It has had noble aid—none more noble than that of tho great Artist, who, twenty years ago, made us laugh and cry with Bob Ckatchit and Tiny Tim, who yesterday made us laugh and cry with Doctor Marigold. But to maintain and to extend it still further help is needed.

One word more: it is entirely unsectarian, and does not ask the creed of any little children who are ill. I look out from a back window on the playground and garden, and I ask, "What is the garden and playground next door?" I am told that it belongs to a Eoman Catholic charity. Oddly enough, the sunshine seems to fall on both sides.

Our visit is ended. Let us go—unless—"Unless?"—Unless you like to leavo a cheque with my esteemed friend, Mr. Samuel WhitTore, the Secretary. Not got your cheque-book P Then direct to 49, Ormond-street.

And now the jester's earnestness is over. Walk up, walk up, ladies and gentlemen, walk up, just a-going to begin. Here are puns so good you could hardly see 'em with Lord Rosse's telescope; here are conundrums so mysterious you could hardly make 'em out if you were to go up to the top of the sky in a balloon and down to the bottom of the sea in a diving-bell; here you are, here you are, the whole Fun of the fair, just a-going to begin, and the charge for the entire performance the ridiculous sum of One Penny British sterling!


Being A Letter To A Colonial Governor.

Mt Dear Sir Adolphus,—You are good enough to ask me for a little advice. You state that your position is one of extreme difficulty; that the population of Sugarcane Island is two hundred thousand, of whom a hundred and fifty thousand are negroes, forty-nine thousand mulattos, and one thousand whites; that considerable disaffection prevails; that a coloured gentleman, a member of the local Assembly, has accused you of stealing a piano, and has publicly expressed his desire to be " well rid of you;" that'you have reason to suppose he is at the head of an extensive conspiracy; that seditious language is constantly used by the missionaries, whom you describe as illiterate and fanatical; that you live in daily apprehension of an outbreak; and that you are anxious to preserve Her Majesty's authority in the Island.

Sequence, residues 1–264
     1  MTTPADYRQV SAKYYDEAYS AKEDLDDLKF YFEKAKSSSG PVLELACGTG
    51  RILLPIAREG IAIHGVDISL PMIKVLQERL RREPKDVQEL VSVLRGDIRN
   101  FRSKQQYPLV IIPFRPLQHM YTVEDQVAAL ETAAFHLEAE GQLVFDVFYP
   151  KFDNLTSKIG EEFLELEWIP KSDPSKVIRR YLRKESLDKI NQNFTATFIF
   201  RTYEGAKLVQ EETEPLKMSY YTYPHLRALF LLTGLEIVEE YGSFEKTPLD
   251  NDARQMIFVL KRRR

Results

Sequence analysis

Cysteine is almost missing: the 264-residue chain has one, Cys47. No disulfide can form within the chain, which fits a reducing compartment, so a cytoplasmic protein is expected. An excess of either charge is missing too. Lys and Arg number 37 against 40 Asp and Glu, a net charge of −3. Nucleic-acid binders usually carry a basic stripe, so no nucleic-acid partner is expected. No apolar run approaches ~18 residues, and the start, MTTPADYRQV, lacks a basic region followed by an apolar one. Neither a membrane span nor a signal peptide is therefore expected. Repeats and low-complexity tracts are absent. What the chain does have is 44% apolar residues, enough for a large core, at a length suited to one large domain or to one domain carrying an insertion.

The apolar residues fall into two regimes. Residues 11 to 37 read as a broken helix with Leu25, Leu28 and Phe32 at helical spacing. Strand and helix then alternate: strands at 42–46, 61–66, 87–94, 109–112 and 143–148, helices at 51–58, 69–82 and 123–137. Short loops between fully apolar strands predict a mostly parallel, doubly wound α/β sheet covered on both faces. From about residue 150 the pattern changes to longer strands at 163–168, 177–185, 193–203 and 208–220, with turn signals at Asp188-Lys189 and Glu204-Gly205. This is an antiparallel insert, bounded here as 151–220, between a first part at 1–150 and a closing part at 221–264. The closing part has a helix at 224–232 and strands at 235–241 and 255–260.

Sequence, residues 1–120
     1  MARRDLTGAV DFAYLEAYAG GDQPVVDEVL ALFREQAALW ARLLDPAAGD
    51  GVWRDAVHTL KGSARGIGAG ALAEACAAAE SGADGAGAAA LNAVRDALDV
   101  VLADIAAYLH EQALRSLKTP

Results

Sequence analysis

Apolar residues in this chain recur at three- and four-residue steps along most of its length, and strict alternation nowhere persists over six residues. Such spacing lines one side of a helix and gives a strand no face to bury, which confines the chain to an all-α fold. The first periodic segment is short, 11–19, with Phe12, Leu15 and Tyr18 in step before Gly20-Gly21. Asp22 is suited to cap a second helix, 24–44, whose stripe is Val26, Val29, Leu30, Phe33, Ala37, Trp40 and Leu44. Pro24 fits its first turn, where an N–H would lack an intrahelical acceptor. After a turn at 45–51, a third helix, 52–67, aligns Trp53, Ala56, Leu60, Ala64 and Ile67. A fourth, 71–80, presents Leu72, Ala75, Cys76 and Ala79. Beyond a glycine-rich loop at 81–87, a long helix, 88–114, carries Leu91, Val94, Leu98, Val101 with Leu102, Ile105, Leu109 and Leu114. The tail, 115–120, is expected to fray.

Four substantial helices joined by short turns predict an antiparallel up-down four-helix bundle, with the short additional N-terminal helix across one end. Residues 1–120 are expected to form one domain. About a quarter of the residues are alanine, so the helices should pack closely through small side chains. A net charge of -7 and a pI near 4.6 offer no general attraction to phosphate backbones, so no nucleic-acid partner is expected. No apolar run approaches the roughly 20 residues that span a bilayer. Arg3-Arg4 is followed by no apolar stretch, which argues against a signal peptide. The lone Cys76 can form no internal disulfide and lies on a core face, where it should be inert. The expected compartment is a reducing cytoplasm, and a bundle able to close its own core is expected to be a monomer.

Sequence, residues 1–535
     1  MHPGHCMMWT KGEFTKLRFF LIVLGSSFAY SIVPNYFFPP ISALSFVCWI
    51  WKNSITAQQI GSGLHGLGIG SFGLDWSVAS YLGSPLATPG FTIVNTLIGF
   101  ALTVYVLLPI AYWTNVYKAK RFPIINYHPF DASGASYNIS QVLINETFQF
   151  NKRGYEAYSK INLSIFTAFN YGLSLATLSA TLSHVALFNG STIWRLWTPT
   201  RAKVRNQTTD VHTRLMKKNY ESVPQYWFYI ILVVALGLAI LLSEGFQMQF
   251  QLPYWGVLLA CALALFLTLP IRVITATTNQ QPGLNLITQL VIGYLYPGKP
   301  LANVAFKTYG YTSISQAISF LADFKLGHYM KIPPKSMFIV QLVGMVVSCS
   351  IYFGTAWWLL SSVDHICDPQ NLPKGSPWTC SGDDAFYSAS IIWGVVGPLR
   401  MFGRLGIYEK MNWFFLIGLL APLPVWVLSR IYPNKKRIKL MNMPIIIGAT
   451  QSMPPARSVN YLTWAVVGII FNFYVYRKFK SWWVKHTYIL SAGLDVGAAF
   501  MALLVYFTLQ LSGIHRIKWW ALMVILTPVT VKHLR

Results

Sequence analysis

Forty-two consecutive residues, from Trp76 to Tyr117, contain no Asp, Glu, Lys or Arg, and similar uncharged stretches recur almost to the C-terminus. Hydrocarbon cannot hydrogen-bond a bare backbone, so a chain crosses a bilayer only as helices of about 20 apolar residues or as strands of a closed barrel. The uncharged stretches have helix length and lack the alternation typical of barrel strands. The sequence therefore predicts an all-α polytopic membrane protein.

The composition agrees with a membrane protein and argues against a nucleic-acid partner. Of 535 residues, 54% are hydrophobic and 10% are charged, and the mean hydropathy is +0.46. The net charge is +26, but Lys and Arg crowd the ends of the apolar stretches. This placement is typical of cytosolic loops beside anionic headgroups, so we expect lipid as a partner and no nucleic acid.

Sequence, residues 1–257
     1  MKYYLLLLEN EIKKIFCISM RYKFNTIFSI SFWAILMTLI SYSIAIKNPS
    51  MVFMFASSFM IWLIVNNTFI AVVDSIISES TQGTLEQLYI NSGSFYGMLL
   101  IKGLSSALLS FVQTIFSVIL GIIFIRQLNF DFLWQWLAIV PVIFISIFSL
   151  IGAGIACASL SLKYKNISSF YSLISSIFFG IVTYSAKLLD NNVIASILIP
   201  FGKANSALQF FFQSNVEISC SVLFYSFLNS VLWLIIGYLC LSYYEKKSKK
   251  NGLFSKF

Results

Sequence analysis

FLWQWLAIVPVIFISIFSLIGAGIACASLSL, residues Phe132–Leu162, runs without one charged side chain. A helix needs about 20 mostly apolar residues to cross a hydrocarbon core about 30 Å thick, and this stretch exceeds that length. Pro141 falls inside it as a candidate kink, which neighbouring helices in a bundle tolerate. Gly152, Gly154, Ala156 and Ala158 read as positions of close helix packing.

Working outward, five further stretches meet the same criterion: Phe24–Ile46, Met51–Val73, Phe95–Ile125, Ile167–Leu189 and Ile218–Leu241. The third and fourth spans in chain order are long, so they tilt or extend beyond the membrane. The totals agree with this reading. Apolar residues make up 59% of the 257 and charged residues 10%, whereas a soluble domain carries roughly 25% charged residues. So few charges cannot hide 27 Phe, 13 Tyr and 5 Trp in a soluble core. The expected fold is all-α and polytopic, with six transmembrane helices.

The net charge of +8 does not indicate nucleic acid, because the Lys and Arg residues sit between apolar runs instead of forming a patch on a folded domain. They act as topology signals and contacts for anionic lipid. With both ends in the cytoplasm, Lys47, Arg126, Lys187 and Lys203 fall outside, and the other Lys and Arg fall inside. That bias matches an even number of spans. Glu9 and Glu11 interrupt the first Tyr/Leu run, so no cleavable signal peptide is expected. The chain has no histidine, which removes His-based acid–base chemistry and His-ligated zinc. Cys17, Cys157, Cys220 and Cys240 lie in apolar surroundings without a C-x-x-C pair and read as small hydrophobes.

Pardon me, Sir Adolphus, if I fail to see any real difficulty in your position.

It might indeed be embarrassing if the negro were ignorant and barbarous, savage and slothful; but you, who are on the spot, can surely give evidence that he is gentle, well educated, thoroughly civilised, and industrious almost to a fault, i'ou must know, my dear Sir Adolphus, that the neighbouring Island of Hayti, in which he has been allowed to hare his own way, and freed from the thraldom of the brutal white, is an earthly Paradise, that lifo and property are there more secure than in any other district on the earth; that the Haytian annals are not stained by a single act of cruelty and violence; that the people are prosperous and contented; that civil war is unknown; and that the punishment of deatn has been abolished.

Having tho example of Hayti before your eye3, I am surprised that you should feel any anxiety whatever with regard to the future of Sugarcane Island. The negro, my dear Sir Adolphus, can do no wrong. I have excellent authority for the statement; that of Mr. Ciiamerovzow, a Polish gentleman, who is good enough to reside in this country and to receive a salary from a philanthropic association; that of Mr. White, member for Brighton, who, although ho was formerly unfortunate in business, is a profound scholar, a deep thinker, a modest and accomplished gentleman; that of Mr. G. M. Murphy, who is, I believe, a street-preacher in the New Cut, and who may be heard of at the Lambeth Baths; that of Mr. Pbrpitt, who preaches a new religion on very moderate terms; and that of Mr. Mason Jones, a professional orator whose name will bo remembered when that of Demosthenes is forgotten.